Democrats: Yeah, don't get your hopes up for that immigration bill

So what’s up with that sweeping immigration reform bill that President Joe Biden submitted to Congress? The applause from progressives and socialists across the land was deafening when Uncle Joe originally announced it. Since then, however, some cracks have appeared in that wall. As Ed reported yesterday, the Republicans from the Gang of 8 have all indicated that it’s a non-starter. And now, Democrats, including Biden’s own Press Secretary, are changing their tone in discussing the measure. Last night, the Associated Press picked up on the more “cautious” spin that Jen Psaki is putting on the prospects for any big changes to our immigration laws, and she’s not the only one.

It’s taken only days for Democrats gauging how far President Joe Biden’s bold immigration proposal can go in Congress to acknowledge that if anything emerges, it will likely be significantly more modest.

As they brace to tackle a politically flammable issue that’s resisted major congressional action since the 1980s, Democrats are using words like “aspirational” to describe Biden’s plan and “herculean” to express the effort they’ll need to prevail.

A similar message came from the White House Friday when press secretary Jen Psaki said the new administration hopes Biden’s plan will be “the base” of immigration discussions in Congress.

When Biden initially announced his plan to grant amnesty to eleven million illegal aliens, he was using phrases such as “we’re going to…” and “help is on the way.” Now his Press Secretary is talking about the Biden bill as being “the base for discussions.” The “help” that was on the way may have lost the password for the GPS. Expectations are being lowered by the day, with some of the plan’s most ardent supporters admitting that the final product – if there even is one – will probably be “significantly more modest.” The Director of the pro-illegal alien group America’s Voice is quoted as describing total amnesty as “the stake at the summit of the mountain,” while admitting that he’s willing to look at steps along the way as at least representing progress.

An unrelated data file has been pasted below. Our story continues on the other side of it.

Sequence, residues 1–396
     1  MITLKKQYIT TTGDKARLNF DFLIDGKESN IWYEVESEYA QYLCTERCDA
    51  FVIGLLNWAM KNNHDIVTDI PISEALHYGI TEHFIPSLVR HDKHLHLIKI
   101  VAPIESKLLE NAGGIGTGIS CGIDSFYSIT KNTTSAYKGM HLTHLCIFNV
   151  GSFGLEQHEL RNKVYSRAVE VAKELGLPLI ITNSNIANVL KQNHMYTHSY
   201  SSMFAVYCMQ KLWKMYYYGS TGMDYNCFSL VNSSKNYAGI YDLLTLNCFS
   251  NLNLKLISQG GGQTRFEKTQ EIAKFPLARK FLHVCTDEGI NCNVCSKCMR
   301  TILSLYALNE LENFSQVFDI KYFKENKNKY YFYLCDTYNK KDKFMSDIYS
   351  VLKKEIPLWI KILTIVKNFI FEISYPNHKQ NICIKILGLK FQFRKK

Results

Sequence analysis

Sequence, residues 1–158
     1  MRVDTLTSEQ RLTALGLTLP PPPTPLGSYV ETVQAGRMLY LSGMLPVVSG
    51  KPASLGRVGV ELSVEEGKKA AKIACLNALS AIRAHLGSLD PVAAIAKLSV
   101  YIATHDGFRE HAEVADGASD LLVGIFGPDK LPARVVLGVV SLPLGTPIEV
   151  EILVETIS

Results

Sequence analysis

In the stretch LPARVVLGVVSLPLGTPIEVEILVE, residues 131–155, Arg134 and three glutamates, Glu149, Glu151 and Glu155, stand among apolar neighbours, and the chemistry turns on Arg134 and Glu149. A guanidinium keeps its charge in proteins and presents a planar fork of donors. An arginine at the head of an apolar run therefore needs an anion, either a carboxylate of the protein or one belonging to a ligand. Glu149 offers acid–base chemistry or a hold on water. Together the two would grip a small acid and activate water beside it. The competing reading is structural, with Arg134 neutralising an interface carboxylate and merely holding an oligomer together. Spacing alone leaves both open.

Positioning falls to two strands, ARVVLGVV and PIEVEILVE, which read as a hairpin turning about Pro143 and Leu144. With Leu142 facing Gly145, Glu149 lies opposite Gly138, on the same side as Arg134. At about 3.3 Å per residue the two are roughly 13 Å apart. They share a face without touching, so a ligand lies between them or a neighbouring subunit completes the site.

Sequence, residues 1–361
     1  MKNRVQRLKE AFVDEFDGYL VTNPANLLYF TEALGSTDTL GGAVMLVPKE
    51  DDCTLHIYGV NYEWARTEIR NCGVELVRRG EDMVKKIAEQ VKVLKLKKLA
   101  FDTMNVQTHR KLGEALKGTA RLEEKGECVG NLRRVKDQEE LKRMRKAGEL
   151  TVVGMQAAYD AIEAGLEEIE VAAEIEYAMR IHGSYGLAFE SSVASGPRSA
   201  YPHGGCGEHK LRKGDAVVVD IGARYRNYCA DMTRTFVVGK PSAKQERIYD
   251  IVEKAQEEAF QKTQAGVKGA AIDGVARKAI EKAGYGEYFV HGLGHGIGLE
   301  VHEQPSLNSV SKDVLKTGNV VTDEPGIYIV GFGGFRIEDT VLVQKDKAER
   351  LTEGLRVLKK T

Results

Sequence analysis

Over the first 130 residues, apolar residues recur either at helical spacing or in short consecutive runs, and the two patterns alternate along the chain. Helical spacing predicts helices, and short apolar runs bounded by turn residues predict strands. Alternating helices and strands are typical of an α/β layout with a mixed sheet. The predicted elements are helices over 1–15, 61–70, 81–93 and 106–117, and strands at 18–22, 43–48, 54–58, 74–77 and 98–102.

Is anyone really surprised? The “bill” that Biden submitted isn’t really a bill at all. It’s the same as when presidents submit their own budgets every year. Lest we forget, the executive branch isn’t allowed to write legislation. It only approves or vetoes bills. Congress has to write all of the new laws being considered. The White House only gets to submit outlines indicating what the President would like to see. He can’t just issue commands.

The polling has shifted gradually on the subject of immigration reform, but it hasn’t shifted that much. Pretty much everyone is fine with people who immigrate to the United States legally and become naturalized, with majorities believing that their contributions to the nation are of significant value. But when it comes to illegal aliens, the numbers dip significantly. Members of Congress from red and purple states are obviously aware of this, and that’s particularly true of Democrats from marginal states and districts. They’re not going to hang themselves out to dry just so Joe Biden can fulfill a campaign promise.

I won’t be terribly shocked if some sort of immigration bill makes it through this year. The most likely win that Biden might scrape through is probably some sort of formalization of DACA, offering a pathway to illegal aliens brought here as children with clean criminal records. That seems to enjoy enough broad support around the country that it could be managed. But blanket amnesty or a permanent end to deportations of criminal illegal aliens just isn’t going to fly, and Joe Biden probably knew it before he’d even spoken the words.